Miles v. Mueller et al

Filing 7

ORDER REFERRING CASE to Magistrate Judge Donald G. Wilkerson. Signed by Judge Nancy J. Rosenstengel on 3/7/2018. (tjk)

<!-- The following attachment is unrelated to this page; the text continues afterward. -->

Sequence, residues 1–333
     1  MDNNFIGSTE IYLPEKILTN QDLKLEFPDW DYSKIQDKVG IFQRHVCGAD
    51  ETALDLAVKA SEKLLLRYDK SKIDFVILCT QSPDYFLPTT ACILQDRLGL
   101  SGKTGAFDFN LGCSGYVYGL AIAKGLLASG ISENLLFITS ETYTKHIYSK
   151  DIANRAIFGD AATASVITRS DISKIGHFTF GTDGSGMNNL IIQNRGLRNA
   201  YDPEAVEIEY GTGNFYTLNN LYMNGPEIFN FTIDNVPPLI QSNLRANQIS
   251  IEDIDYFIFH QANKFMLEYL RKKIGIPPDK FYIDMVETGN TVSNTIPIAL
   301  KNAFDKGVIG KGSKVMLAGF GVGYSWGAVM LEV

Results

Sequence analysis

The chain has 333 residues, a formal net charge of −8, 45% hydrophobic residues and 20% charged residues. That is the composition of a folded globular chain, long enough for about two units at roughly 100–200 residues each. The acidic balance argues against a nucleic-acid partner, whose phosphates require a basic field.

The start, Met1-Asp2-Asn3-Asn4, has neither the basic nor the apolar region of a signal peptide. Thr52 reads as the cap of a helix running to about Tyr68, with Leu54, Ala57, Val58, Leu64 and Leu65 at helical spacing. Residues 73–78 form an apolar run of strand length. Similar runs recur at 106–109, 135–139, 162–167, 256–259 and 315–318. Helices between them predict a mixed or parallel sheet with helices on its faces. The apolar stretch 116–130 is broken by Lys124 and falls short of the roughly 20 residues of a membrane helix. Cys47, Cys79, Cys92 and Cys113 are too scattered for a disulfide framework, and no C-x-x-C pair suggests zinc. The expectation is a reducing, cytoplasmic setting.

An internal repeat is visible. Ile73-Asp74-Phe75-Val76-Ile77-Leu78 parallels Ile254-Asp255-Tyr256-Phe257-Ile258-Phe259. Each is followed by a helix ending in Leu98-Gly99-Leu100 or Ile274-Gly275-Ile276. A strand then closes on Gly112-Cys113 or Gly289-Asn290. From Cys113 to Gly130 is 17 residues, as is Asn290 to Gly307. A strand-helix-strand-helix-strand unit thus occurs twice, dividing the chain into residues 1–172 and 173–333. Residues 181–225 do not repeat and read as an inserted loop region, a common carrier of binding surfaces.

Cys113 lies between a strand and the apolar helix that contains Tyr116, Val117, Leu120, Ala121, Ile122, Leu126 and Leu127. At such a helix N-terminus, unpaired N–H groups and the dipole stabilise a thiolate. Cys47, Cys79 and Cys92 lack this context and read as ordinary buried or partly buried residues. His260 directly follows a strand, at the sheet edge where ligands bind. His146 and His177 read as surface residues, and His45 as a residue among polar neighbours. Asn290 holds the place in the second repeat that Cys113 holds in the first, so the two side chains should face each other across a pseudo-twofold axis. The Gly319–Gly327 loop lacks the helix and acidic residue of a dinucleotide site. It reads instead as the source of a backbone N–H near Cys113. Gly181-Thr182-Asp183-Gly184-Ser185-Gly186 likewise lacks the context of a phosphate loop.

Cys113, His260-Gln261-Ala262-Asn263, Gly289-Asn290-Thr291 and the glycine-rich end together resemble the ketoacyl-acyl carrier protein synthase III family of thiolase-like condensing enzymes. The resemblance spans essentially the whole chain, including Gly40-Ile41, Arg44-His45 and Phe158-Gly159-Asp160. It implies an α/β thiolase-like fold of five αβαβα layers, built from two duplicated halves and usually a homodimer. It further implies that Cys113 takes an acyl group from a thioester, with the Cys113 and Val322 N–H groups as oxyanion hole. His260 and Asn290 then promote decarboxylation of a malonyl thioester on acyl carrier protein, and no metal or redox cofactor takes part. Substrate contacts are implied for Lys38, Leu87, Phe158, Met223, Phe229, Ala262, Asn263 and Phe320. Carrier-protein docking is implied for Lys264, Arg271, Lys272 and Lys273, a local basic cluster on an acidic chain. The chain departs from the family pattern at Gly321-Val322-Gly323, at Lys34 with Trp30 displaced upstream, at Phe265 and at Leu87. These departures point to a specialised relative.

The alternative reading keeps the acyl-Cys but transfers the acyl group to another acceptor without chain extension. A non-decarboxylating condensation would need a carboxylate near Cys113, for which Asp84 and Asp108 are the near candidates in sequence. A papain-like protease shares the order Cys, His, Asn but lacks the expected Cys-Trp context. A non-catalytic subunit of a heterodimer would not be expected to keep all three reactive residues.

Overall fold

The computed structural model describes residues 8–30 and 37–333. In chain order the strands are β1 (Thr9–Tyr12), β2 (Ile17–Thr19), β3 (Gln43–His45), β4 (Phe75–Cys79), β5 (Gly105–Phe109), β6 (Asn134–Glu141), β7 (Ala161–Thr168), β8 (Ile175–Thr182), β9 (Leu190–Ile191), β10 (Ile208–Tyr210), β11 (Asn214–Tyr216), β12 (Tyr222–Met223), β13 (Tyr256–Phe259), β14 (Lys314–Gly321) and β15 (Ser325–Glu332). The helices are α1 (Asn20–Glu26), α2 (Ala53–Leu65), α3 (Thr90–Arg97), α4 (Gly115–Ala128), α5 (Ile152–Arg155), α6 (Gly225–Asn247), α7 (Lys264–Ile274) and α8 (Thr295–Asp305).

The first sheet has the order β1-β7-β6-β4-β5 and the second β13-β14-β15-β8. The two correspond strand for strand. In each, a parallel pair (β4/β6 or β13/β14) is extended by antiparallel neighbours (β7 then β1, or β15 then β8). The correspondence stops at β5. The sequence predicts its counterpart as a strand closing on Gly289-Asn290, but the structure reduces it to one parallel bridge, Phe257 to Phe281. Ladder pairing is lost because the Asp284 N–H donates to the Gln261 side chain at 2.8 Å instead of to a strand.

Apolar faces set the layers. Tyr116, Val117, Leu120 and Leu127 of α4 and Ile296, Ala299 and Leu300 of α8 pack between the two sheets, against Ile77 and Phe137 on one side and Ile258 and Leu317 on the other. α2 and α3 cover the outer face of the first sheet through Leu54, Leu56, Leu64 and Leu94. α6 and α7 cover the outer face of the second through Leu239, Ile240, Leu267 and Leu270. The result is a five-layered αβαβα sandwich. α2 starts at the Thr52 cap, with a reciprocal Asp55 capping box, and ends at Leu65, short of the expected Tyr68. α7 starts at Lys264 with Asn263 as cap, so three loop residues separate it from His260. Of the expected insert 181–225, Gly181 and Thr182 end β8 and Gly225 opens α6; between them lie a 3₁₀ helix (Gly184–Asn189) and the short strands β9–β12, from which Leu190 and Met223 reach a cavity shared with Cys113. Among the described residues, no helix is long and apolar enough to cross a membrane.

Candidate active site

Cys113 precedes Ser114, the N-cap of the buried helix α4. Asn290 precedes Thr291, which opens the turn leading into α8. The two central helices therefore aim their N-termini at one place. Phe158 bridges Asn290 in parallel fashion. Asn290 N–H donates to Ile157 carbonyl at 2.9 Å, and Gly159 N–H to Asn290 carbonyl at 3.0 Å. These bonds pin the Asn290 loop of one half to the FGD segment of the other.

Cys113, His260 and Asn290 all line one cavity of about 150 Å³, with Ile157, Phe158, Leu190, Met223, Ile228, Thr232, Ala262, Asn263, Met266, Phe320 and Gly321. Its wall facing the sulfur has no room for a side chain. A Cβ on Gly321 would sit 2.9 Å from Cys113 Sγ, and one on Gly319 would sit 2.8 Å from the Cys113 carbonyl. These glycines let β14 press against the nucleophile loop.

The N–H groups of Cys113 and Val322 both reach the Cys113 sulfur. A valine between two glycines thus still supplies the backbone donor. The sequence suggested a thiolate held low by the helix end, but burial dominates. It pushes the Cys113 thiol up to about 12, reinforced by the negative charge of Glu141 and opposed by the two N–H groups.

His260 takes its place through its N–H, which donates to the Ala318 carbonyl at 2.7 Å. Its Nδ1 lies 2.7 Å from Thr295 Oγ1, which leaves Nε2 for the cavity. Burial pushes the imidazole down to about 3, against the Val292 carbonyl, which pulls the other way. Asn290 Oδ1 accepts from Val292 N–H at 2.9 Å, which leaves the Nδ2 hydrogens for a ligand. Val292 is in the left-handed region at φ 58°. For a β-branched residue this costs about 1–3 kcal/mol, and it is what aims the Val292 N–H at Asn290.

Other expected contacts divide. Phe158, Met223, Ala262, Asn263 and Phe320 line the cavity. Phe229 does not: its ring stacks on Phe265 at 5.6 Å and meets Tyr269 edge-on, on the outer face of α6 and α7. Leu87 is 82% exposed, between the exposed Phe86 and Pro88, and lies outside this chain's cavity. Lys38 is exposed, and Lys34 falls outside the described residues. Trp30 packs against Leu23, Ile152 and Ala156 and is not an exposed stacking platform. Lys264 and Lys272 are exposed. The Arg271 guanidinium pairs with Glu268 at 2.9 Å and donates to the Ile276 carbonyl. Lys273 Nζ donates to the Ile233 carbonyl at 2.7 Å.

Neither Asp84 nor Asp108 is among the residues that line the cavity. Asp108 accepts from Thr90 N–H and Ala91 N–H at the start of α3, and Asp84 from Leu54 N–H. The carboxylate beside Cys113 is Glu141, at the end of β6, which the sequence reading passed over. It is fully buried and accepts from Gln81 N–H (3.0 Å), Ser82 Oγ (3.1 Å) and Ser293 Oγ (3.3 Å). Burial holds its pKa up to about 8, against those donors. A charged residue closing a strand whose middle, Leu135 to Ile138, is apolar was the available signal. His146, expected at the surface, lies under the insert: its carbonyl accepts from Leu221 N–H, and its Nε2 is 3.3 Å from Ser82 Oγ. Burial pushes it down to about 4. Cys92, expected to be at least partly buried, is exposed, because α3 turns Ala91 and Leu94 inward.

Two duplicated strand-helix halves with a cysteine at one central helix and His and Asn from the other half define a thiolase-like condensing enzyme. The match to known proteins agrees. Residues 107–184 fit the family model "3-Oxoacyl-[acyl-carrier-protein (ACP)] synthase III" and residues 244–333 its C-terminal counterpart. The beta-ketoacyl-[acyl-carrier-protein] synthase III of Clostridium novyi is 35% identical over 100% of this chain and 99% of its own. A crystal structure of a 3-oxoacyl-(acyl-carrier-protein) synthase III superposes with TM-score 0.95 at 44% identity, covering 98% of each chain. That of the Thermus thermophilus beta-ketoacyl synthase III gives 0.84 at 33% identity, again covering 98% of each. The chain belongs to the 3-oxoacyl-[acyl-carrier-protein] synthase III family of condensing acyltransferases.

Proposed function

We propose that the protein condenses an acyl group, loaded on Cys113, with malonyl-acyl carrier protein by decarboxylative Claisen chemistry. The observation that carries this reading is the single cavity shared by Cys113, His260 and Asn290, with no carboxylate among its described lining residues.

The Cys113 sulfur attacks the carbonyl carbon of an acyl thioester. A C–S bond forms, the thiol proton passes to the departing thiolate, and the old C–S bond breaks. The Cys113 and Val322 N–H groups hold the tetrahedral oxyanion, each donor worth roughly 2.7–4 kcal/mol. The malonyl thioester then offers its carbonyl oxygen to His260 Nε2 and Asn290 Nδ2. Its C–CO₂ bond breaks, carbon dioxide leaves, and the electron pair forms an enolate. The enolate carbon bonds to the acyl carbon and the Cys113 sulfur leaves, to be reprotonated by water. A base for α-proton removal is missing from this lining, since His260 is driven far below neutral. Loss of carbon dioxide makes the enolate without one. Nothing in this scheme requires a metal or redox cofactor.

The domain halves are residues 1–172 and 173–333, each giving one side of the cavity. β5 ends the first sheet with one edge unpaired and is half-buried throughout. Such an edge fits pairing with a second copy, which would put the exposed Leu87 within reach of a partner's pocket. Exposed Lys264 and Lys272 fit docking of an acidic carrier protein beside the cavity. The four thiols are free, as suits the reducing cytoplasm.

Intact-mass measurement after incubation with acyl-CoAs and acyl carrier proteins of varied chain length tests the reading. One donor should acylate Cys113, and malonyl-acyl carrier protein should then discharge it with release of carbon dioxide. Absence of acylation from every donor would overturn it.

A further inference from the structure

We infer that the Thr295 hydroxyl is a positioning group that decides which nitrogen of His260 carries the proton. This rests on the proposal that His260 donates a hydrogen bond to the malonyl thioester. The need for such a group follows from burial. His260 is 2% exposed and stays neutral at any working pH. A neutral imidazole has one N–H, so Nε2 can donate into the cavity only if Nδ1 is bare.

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IN THE UNITED STATES DISTRICT COURT FOR THE SOUTHERN DISTRICT OF ILLINOIS ) ) ) ) ) ) ) ) ) ) ) ) ) ) ) ) ) VINCENT MILES, #N41303, Plaintiff, vs. ROBERT C. MUELLER, DR. SANTOS, RN BREWER, LISA KREBS, COUNSELOR WALKER, DEBORAH S. ZELASKO, SHERRY BENTON, and JOHN R. BALDWIN, Defendants. Case No. 18 cv–254 NJR MEMORANDUM AND ORDER ROSENSTENGEL, District Judge: Plaintiff Vincent Miles, an inmate in Centralia Correctional Center (“Centralia”), brings this action pursuant to 42 U.S.C. § 1983 for alleged deprivations of his constitutional rights. In his Complaint, Plaintiff claims the defendants have been deliberately indifferent to his serious medical issues in violation of the Eighth Amendment. This case is now before the Court for a preliminary review of the Complaint (Doc. 1). pursuant to 28 U.S.C. § 1915A, which provides: (a) Screening – The court shall review, before docketing, if feasible or, in any event, as soon as practicable after docketing, a complaint in a civil action in which a prisoner seeks redress from a governmental entity or officer or employee of a governmental entity. (b) Grounds for Dismissal – On review, the court shall identify cognizable claims or dismiss the complaint, or any portion of the complaint, if the complaint– (1) is frivolous, malicious, or fails to state a claim on which relief may be granted; or 1 (2) seeks monetary relief from a defendant who is immune from such relief. An action or claim is frivolous if “it lacks an arguable basis either in law or in fact.” Neitzke v. Williams, 490 U.S. 319, 325 (1989). Frivolousness is an objective standard that refers to a claim that any reasonable person would find meritless. Lee v. Clinton, 209 F.3d 1025, 102627 (7th Cir. 2000). An action fails to state a claim upon which relief can be granted if it does not plead “enough facts to state a claim to relief that is plausible on its face.” Bell Atlantic Corp. v. Twombly, 550 U.S. 544, 570 (2007). The claim of entitlement to relief must cross “the line between possibility and plausibility.” Id. at 557. At this juncture, the factual allegations of the pro se complaint are to be liberally construed. See Rodriguez v. Plymouth Ambulance Serv., 577 F.3d 816, 821 (7th Cir. 2009). Upon careful review of the Complaint and any supporting exhibits, the Court finds it appropriate to allow this case to proceed past the threshold stage. The Complaint In his Complaint, Plaintiff makes the following allegations: on April 20, 2016, Plaintiff was transferred to Centralia. (Doc. 1, p. 6). During his incarceration prior to being transferred to Centralia, it was discovered that Plaintiff suffers from degenerative arthritis, which caused him to have a total hip replacement in 2006. Id. This left him with “a number of arthritic pains bilaterally growing throughout [his] body which warrant constant treatment for pain.” Id. Due to this condition, Plaintiff was prescribed Maloxecom (presumably Meloxicam), Indocin 50mg, Ibuprofen 200-600mg, Utrum 50mg (presumably Ultram), Neproxen 200-500mg (presumably Naproxen), and Motrin 200-800mg while incarcerated at other institutions. Id. Plaintiff was also on General Medicine Clinic, where he “would regularly be seen by a doctor and regularly prescribed medications for pain without co-pay due to [his] medical condition being chronic.” Id. 2 After arriving at Centralia, Plaintiff saw Dr. Santos for renewal of his medical permits relating to his medical condition, including low bunk, low gallery, and cane permits. Id. During this meeting, Plaintiff asked Dr. Santos about prescribing him pain medication. Id. Dr. Santos told Plaintiff he would have to “pay for that.” Id. Dr. Santos then issued the medical permits mentioned above, but he did not issue Plaintiff a prescription for pain medication. Id. On April 23, 2016, Plaintiff wrote a letter to the Health Care Administrator, Lisa Krebs, informing her of his General Medicine Clinic status and requesting to once again be granted that status. (Doc. 1, p. 7). He included with the letter a medical memorandum dated January 11, 2015 from the Health Care Administrator at Pinckneyville, which acknowledges that Plaintiff was placed on “general med clinic for arthritis in January 2015.” Id.; (Doc. 1-1, p. 8). After receiving no response to his initial letter, Plaintiff wrote a second letter requesting to be placed on General Medicine Clinic. (Doc. 1, p. 7). He did not receive an immediate response. Id. After submitting a sick call request, Plaintiff was called to the Health Care Unit (“HCU”) on May 13, 2016, where he saw Certified Medical Technician Brewer. Id. Brewer told Plaintiff that she had to prescribe him basic pain medication pursuant to protocol, despite his previous prescriptions for pain medication. Id. Plaintiff was charged a $5 co-pay and given 200mg Ibuprofen. Id. He tried to explain to Brewer that the prescribed medication would be ineffective in treating his level of pain, and he attempted to show her documents including radiology reports and clinical progress notes to prove it to her. Id. She refused to review any of Plaintiff’s medical documents. Id. On May 17, 2016, Plaintiff returned to the HCU with the same complaint of pain. Id. He was required to pay a second $5 co-pay. Id. He informed the medical staff that 200mg Ibuprofen was inadequate to treat his pain and that he was prescribed stronger medications previously. Id. 3 He was then scheduled to see Dr. Santos. Id. Two days later, Plaintiff saw Dr. Santos and attempted to show him medical documents verifying his previous diagnosis and prescriptions for pain. Id. Dr. Santos did not review the documents, but he changed Plaintiff’s prescription to 375mg Naproxen, which is “another medication that is wholly inadequate to treat [Plaintiff’s] pain.” (Doc. 1, pp. 7-8). When Plaintiff asked Dr. Santos to be on General Medicine Clinic so that he would not have to pay the $5 co-pay, Dr. Santos responded that there was no General Medicine Clinic. (Doc. 1, p. 8). On May 23, 2016, Plaintiff wrote another letter to Lisa Krebs asking to be placed on General Medicine Clinic due to his medical condition and to be exempted from the $5 co-pay. Id. Krebs responded in a memorandum dated May 24, 2016, stating that the decision whether to place Plaintiff on General Medicine Clinic was that of Dr. Santos. Id. On May 27, 2016, Plaintiff filed an institutional grievance regarding this matter, from which he received no relief. Id. On June 8, 2016, Plaintiff sent Dr. Santos a letter because he had previously refused to acknowledge that there was a General Medicine Clinic for Plaintiff’s arthritic condition, and he did not accept Plaintiff’s suggestions for what pain medication would be ineffective for treating his pain. Id. Plaintiff did not receive a response from Dr. Santos. Id. On June 18, 2016, Plaintiff visited the HCU with the same complaint of pain. Id. He was required to pay the $5 co-pay and was scheduled to see Dr. Santos. Id. On June 21, 2016, Plaintiff saw Dr. Santos and told him that the 375mg Naproxen was inadequate and, that based on previous prescriptions, 500mg Naproxen also would be ineffective. Id. Despite this information, Dr. Santos prescribed 500mg Naproxen. Id. On July 19, 2016, Plaintiff paid another $5 co-pay for the same complaint of arthritic pain and inadequate pain medication. Id. He saw Dr. Santos on July 21, 2016, and complained to 4 him of pain in his hips, wrists, shoulders, and elbows. Id. Plaintiff also requested an x-ray. Id. Dr. Santos suggested 600mg Ibuprofen, but Plaintiff told him that it would be ineffective based on his previous prescriptions. (Doc. 1, pp. 8-9). Despite this information, Dr. Santos prescribed 600mg Ibuprofen. (Doc. 1, p. 9). On July 31, Plaintiff visited the HCU again for the same issues. Id. He was charged a $5 co-pay. Id. On August 2, 2016, Plaintiff met with Dr. Santos and told him that 7.5 mg Meloxicam would also be ineffective for treating his level of pain based on previous prescriptions. Id. Despite this, Dr. Santos prescribed Plaintiff 7.5mg Meloxicam. Id. On August 23, Plaintiff returned to the HCU complaining of the same issues. Id. He was charged another $5 co-pay and scheduled to see Dr. Santos again. Id. He met with Dr. Santos August 26, 2016, and he explained the Meloxicam did not work for his level of pain. Id. He also tried to show Dr. Santos medical documents where he had previously been prescribed Meloxicam by another doctor. Id. Plaintiff requested to be placed on the General Medicine Clinic so he would not have to continue to pay the $5 co-pay. Id. Dr. Santos refused to place Plaintiff on the General Medicine Clinic and increased his dosage from 7.5mg to 15mg, the same dosage that the previous doctor tried. Id. Plaintiff again complained to Lisa Krebs about his treatment, but he received a memorandum on September 8, 2016, which explained that Dr. Santos makes medical decisions, including regarding the treatments and medications Plaintiff receives. Id. The next day, Plaintiff wrote to Dr. Santos explaining his need for stronger pain medication and placement on the General Medicine Clinic. Id. He received no response. Id. On September 24, 2016, Plaintiff paid another $5 co-pay at the HCU where he complained of the same issues. (Doc. 1, p. 10). On September 27, 2016, Plaintiff saw Dr. Santos 5 again and requested adequate pain medication and to be placed on General Medicine Clinic. Id. Plaintiff stressed to Dr. Santos that the 15mg Meloxicam was ineffective. Id. Dr. Santos then prescribed 15mg Meloxicam for the next two months. Id. On October 25, 2016, Plaintiff paid another $5 co-pay to be seen at the HCU and complained of the same issues. Id. He saw Dr. Garcia on October 29, 2016, and he spoke to him about his history with arthritis and pain. Id. He also told Dr. Garcia about how pain affected his depression and blood pressure, and how he was frustrated with the inadequate pain medications that had been prescribed by Dr. Santos. Id. Dr. Garcia then suggested Plaintiff try a combination of 600mg Ibuprofen, 750mg Roboxin (presumably Robaxin), and a tube of analgesic balm for topical application to painful areas. Id. Though this was not completely effective, it worked better in treating Plaintiff’s arthritic pain, “reducing [his] pain level from about a 7 to a 5 on good days.” Id. “After a bad day where [Plaintiff’s] pain level spiked to a 9 or 10,” Plaintiff returned to the HCU, paid another $5 co-pay, and met with Dr. Garcia, who renewed his prescription. Id. On December 24, 2016, Plaintiff paid another $5 co-pay for the same issues and was scheduled to see Dr. Santos on December 27, 2016. Id. At the appointment, Plaintiff told Dr. Santos that Dr. Garcia’s suggested prescriptions had been more effective for treating his pain. Id. Plaintiff asked Dr. Santos to renew the prescriptions for this reason, but Dr. Santos refused to prescribe the analgesic balm along with the Ibuprofen and Robaxin. (Doc. 1, p. 11). On January 22, 2017, Plaintiff paid another $5 co-pay at the HCU for the same issues and was scheduled to see Dr. Santos on January 24, 2017. Id. He informed Dr. Santos that the Robaxin and Ibuprofen were not as effective in treating his pain without the analgesic balm. Id. In response, Dr. Santos refused to prescribe the analgesic balm and cut Plaintiff’s Robaxin 6 prescription from 30 to 10 days. Id. “Dr. Santos continues to prescribe [Plaintiff] pain medication as such to date.” Id. Plaintiff has informed Dr. Santos the most effective pain medication he has received was 50mg Ultram, but Dr. Santos refuses to prescribe it to Plaintiff, and he refuses to place Plaintiff on General Medicine Clinic. Id. Plaintiff also claims that Counselor Walker and Deborah Zelasko “refused to recommend that Plaintiff be provided proper pain medication and placed on General Medicine Clinic,” and that “Warden Robert C. Mueller concurred with this decision.” (Doc. 1, p. 12). Plaintiff further alleges that Sherry Benton denied him relief from his complaint of inadequate pain medication and need to be placed on General Medicine Clinic, and John R. Baldwin concurred. Id. Plaintiff requests monetary and injunctive relief. 1 (Doc. 1, p. 13). Discussion Based on the allegations and claim articulated in the Complaint, the Court finds it convenient to designate a single count in this pro se action. The parties and the Court will use this designation in all future pleadings and orders, unless otherwise directed by a judicial officer of this Court. The designation of this count does not constitute an opinion regarding its merit. Count 1 – Defendants showed deliberate indifference to Plaintiff’s serious medical needs involving degenerative arthritis and pain associated therewith in violation of the Eighth Amendment. As discussed in more detail below, this claim will be allowed to proceed past threshold. Any other intended claim that has not been recognized by the Court is considered dismissed without prejudice as inadequately pleaded under the Twombly pleading standard. 1 Notably, Plaintiff did not file a separate motion seeking a preliminary injunction pursuant to Rule 65 of the Federal Rules of Civil Procedure, and he does not specifically mention a desire for a preliminary, rather than permanent, injunction. Should an urgent need arise, Plaintiff may request a preliminary injunction by filing a separate motion pursuant to Rule 65. Until he does so, his request will be construed as a request for permanent, not preliminary, injunctive relief. 7 As to Count 1, the Eighth Amendment to the United States Constitution protects prisoners from cruel and unusual punishment. See Berry v. Peterman, 604 F.3d 435 (7th Cir. 2010). The Supreme Court has recognized that “deliberate indifference to serious medical needs of prisoners” may constitute cruel and unusual punishment. Estelle v. Gamble, 429 U.S. 97, 104 (1976); see Erickson v. Pardus, 551 U.S. 89, 94 (2006) (per curiam). To state a claim, a prisoner must show that: (1) he suffered from an objectively serious medical need; and (2) state officials acted with deliberate indifference to the prisoner’s medical need, which is a subjective standard. Farmer v. Brennan, 511 U.S. 825, 834 (1994). The Seventh Circuit has held that a medical need is “serious” where it has either “been diagnosed by a physician as mandating treatment” or where the need is “so obvious that even a lay person would easily recognize the necessity for a doctor’s attention.” Gutierrez v. Peters, 111 F.3d 1364, 1373 (7th Cir. 1997). The unrelenting pain stemming from Plaintiff’s diagnosed degenerative arthritis described in the Complaint satisfies the objective component of Count 1 for screening purposes. But the analysis does not end there. The Complaint also must satisfy the subjective component of these claims. To do so, the Complaint must suggest that the defendants exhibited deliberate indifference to Plaintiff’s serious medical needs. Deliberate indifference is established when prison officials “know of and disregard an excessive risk to inmate health” by being “‘aware of facts from which the inference could be drawn that a substantial risk of serious harm exists’” and “‘draw[ing] the inference.’” Greeno v. Daley, 414 F.3d 645, 653 (7th Cir. 2005) (quoting Farmer, 511 U.S. at 834). This standard is satisfied with respect to Dr. Santos, Krebs, and Brewer. According to the Complaint, Dr. Santos persisted in a course of treatment that was not effective for treating Plaintiff’s pain, despite being informed by Plaintiff what would and would not work based on his 8 past treatment. Also, despite being informed that the course of treatment chosen by Dr. Santos was ineffective, Krebs appears to have simply deferred to Dr. Santos’s decisions without further inquiry. See Perez v. Fenoglio, 792 F.3d 768, 779 (7th Cir. 2015) (“While nurses may generally defer to instructions given by physicians, they have an independent duty to ensure that inmates receive constitutionally adequate care.”). Similarly, Brewer allegedly prescribed Plaintiff basic pain medication despite Plaintiff having informed her that it would be insufficient to treat his pain, instead of seeing to it that Plaintiff received the care he needed from someone capable of prescribing the appropriate medication. The subjective standard is not satisfied with the remaining defendants. Each appears to have received grievances or letters from Plaintiff regarding his medical issues. None of these individuals appears, however, to have been personally involved in Plaintiff’s medical treatment, and “[p]rison officials who simply processed or reviewed inmate grievances lack personal involvement in the conduct forming the basis of the grievance.” Owens v. Evans, 878 F.3d 559, 563 (7th Cir. 2017) (citing Sanville v. McCaughtry, 266 F.3d 724, 740 (7th Cir. 2001)). Furthermore, in the case of those defendants in supervisory positions, the doctrine of respondeat superior is not applicable to Section 1983 actions. Sanville v. McCaughtry, 266 F.3d 724, 740 (7th Cir. 2001) (citations omitted). These defendants’ responses to Plaintiff’s letters and grievances, or concurrences to them, demonstrate that they inquired into Plaintiff’s treatment and confirmed that Plaintiff was being seen and treated for his pain at the direction of the medical providers at Centralia. See (Doc. 1-1, pp. 13, 15-16). It is clear they did not blindly turn from Plaintiff’s alleged plight without inquiring into it and satisfying themselves that he was under the care of a medical professional. Plaintiff has therefore failed to show that Zelasko, Benton, Baldwin, Walker, and Mueller 9 knew of and disregarded a substantial risk to his health, so they will be dismissed from this action without prejudice. For the reasons stated above, Count 1 will proceed against Dr. Santos, Krebs, and Brewer. 2 Pending Motions Plaintiff has filed a Motion for Recruitment of Counsel (Doc. 3), which will be REFERRED to United States Magistrate Judge Donald G. Wilkerson for a decision. Plaintiff’s Motion for Service of Process at Government Expense (Doc. 4) is DENIED as moot. Waivers of service of summons will be issued and served on the remaining defendants as ordered below. Plaintiff is advised that, because he is proceeding in forma pauperis, it is not necessary to file a motion requesting service of process by the United States Marshals Service or other process server. The Clerk will issue summons, and the Court will direct service once the complaint passes preliminary review. Disposition IT IS HEREBY ORDERED that COUNT 1 will PROCEED against SANTOS, KREBS, and BREWER. IT IS FURTHER ORDERED that COUNT 1 is DISMISSED without prejudice as against MUELLER, WALKER, ZELASKO, BENTON, and BALDWIN, and these individuals are DISMISSED without prejudice from this action for failure to state a claim upon which relief may be granted. IT IS ORDERED that as to COUNT 1, the Clerk of Court shall prepare for SANTOS, 2 The Court notes that, while Plaintiff takes issue with the co-pays he was charged during the relevant time, an inmate’s constitutional rights are not violated by the collection of a fee for prison medical services. Whether or not a statutory exemption should apply to the co-payment rule is a question of state law, not cognizable in a Section 1983 action. Poole v. Isaacs, 703 F.3d 1024, 1027 (7th Cir. 2012) (“the imposition of a modest fee for medical services, standing alone, does not violate the Constitution”). 10 KREBS, and BREWER: (1) Form 5 (Notice of a Lawsuit and Request to Waive Service of a Summons), and (2) Form 6 (Waiver of Service of Summons). The Clerk is DIRECTED to mail these forms, a copy of the Complaint, and this Memorandum and Order to each defendant’s place of employment as identified by Plaintiff. If a defendant fails to sign and return the Waiver of Service of Summons (Form 6) to the Clerk within 30 days from the date the forms were sent, the Clerk shall take appropriate steps to effect formal service on that defendant, and the Court will require that defendant to pay the full costs of formal service, to the extent authorized by the Federal Rules of Civil Procedure. With respect to a defendant who no longer can be found at the work address provided by Plaintiff, the employer shall furnish the Clerk with the defendant’s current work address, or, if not known, the defendant’s last-known address. This information shall be used only for sending the forms as directed above or for formally effecting service. Any documentation of the address shall be retained only by the Clerk. Address information shall not be maintained in the court file or disclosed by the Clerk. Defendants are ORDERED to timely file an appropriate responsive pleading to the Amended Complaint and shall not waive filing a reply pursuant to 42 U.S.C. § 1997e(g). Pursuant to Local Rule 72.1(a)(2), this action is REFERRED to United States Magistrate Judge Donald G. Wilkerson for further pre-trial proceedings. Further, this entire matter shall be REFERRED to United States Magistrate Judge Wilkerson for disposition, pursuant to Local Rule 72.2(b)(2) and 28 U.S.C. § 636(c), if all parties consent to such a referral. If judgment is rendered against Plaintiff, and the judgment includes the payment of costs under § 1915, Plaintiff will be required to pay the full amount of the costs, regardless of whether his application to proceed in forma pauperis has been granted. See 28 U.S.C. § 1915(f)(2)(A). 11 Finally, Plaintiff is ADVISED that he is under a continuing obligation to keep the Clerk of Court and each opposing party informed of any change in his address; the Court will not independently investigate his whereabouts. This shall be done in writing and not later than 7 days after a transfer or other change in address occurs. Failure to comply with this order will cause a delay in the transmission of court documents and may result in dismissal of this action for want of prosecution. See FED. R. CIV. P. 41(b). IT IS SO ORDERED. DATED: March 7, 2018 ___________________________ NANCY J. ROSENSTENGEL United States District Judge 12